With no real characters to interact with, the only company for the player was the charismatic voice of the Agency Director, voiced by Michael McConnohie in all three games,  who delivered mission briefings as well as comments about what the player was up to.

Along with the cel-shaded, cartoon look of the game and its instantly memorable theme music, McConnohie’s voice made the game stand out. This would all be for nothing if the game wasn’t fun to play but thankfully Jones and team had taken the GTA Open World sandbox template in a different direction too.

Just leaving the Agency’s stronghold “The Keep”, which acted as a hub for the city’s three main areas, would immediately result in the player coming under fire from the local gang. The only way to even the odds? Level up your Agent.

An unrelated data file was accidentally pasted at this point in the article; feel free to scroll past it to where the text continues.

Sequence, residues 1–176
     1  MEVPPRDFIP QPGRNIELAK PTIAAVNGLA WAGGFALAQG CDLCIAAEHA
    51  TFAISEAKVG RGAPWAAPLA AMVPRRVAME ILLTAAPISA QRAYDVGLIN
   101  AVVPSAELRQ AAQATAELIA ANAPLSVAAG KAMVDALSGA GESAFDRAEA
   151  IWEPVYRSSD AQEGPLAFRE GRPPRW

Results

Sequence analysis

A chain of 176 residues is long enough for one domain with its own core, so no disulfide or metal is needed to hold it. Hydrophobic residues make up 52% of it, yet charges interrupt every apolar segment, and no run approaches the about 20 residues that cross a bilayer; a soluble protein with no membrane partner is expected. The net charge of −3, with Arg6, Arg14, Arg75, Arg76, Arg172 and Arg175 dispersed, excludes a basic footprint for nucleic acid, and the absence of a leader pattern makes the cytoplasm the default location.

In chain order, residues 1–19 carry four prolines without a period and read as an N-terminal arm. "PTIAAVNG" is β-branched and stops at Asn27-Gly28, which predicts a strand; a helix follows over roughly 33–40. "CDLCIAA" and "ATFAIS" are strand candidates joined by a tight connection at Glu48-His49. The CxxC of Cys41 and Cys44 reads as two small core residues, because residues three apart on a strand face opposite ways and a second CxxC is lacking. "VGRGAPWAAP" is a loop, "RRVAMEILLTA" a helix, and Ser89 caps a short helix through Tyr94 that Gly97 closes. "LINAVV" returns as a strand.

“Skills For Kills Agent… Skills For Kills”

While GTA: San Andreas flirted with player stats for fitness and strength Crackdown’s core progression was built around it. As you drove, shot, exploded, and leapt your way around the city your Agent’s skills would increase, granting better versions of the Agency’s transforming vehicles, higher damage from guns and explosives, and adding additional height to jumps. Eventually, you could level up your strength to the point that you could even throw cars at enemies.

Until you got to that point you’d have to rely on guns and thankfully, while GTA  was still sticking to its slightly wonky gunplay model Crackdown, like the later Saint’s Row series, took GTA’s notoriously fiddly shooting controls and improved upon them, adding a lock-on that actually worked as well as the ability to target specific limbs (or the head) by moving the right stick after lock-on.